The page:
Too Much Restitution for Child Pornography Victims? The Role of Proportionality

By Sherry F. Colb

In my Verdict column for this week, I discuss the case of Paroline v. United States, in which the U.S. Supreme Court confronted the question of how to interpret a federal law providing for restitution for victims of child pornography.  In the column, I review the different approaches of the majority and the two (very much opposed) dissenting opinions, and I also suggest that the restitution focus at the Court (and in the federal statute as well) ignores a whole group of victims of child pornography who could virtually never meet an individualized causation requirement established as a prerequisite to receiving monetary compensation: those victims whose later exploitation was fueled and motivated by prior possessors' demand for child pornography.

In this post, I want to talk about a very different matter that goes mostly undiscussed in the Supreme Court's opinions in Paroline:  the tension between the majority's worries about disproportionate restitution and the Court's general indifference to proportionality in the context of sentencing convicts to extremely long sentences for their (sometimes trivial) offenses.

The Court's majority opinion  expressly states that forcing Paroline to pay for all of child-pornography-victim (and respondent) Amy’s pornography-induced injuries would be grossly out of proportion to Paroline's relative role in causing those injuries (given the number of other offenders who have possessed her images).  Indeed, the Court goes beyond making this observation as a matter of simple statutory interpretation and indicates that requiring such a "joint and several liability" payment might well violate the excessive fines clause of the Eighth Amendment.  In the Court's words:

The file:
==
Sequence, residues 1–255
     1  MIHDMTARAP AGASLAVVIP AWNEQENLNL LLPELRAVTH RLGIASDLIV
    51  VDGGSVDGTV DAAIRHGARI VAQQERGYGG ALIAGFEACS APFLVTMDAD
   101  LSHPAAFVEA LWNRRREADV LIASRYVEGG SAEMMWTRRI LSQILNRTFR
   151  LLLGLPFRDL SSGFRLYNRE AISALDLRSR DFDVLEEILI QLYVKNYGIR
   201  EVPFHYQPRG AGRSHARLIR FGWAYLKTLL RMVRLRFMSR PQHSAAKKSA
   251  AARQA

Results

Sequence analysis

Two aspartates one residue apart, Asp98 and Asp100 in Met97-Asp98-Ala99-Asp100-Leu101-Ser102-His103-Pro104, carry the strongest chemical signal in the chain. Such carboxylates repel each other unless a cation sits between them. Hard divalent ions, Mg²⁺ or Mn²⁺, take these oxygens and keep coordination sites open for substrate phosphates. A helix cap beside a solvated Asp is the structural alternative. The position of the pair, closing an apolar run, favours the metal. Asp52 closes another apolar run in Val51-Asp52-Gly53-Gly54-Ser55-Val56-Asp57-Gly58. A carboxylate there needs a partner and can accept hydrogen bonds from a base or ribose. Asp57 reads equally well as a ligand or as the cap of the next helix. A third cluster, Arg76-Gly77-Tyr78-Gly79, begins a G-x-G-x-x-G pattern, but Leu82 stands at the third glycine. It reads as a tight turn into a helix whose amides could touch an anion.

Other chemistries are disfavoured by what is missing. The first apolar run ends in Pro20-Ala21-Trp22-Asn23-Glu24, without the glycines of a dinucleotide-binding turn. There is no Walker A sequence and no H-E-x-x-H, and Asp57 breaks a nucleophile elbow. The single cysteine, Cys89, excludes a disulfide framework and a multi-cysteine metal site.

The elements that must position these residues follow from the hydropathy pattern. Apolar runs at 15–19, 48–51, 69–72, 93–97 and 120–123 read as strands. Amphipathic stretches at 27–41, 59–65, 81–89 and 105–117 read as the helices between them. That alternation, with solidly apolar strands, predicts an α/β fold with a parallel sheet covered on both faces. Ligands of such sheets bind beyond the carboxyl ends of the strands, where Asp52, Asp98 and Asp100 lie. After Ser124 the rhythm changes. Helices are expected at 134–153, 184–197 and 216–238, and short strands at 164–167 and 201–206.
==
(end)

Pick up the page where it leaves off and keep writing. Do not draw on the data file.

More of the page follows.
“The reality is that the victim’s suggested approach would amount to holding each possessor of her images liable for the conduct of thousands of other independently acting possessors and distributors, with no legal or practical avenue for seeking contribution.  That approach is so severe it might raise questions under the Excessive Fines Clause of the Eighth Amendment.”

This statement is striking, given that this is the same Court that has seen fit to tolerate – against Eighth Amendment disproportionality challenges – the imposition of a life sentence for shoplifting, in Ewing v. California, and of a mandatory life sentence without the possibility of parole for the possession of 672 grams of cocaine, in Harmelin v. Michigan.  Justice Kennedy in particular, who wrote the majority opinion in Paroline, joined the majority in Ewing and joined a concurring opinion in Harmelin, in which Justice O'Connor said that life without parole was not grossly disproportionate punishment for the crime of cocaine possession.  

If it is unfair and disproportionate to make someone in possession of child pornography pay money for much more than his share of his victims’ injuries, is it any more fair and proportionate to lock someone up for the rest of his days in a prison cell, when it is impossible to trace his particular conduct to anyone's suffering serious injuries at all?

I will share here  two admittedly speculative potential accounts of this oddity,  The first guess is about ideology. To oversimplify the terrain, outside the death penalty context, this Court has, on the whole, been hostile to criminal defendants’ complaints about the severity of their punishments, while the Court has simultaneously been rather friendly to civil defendants' claims that they are denied Due Process by plaintiffs’ demands for large punitive damages awards for tortious behavior.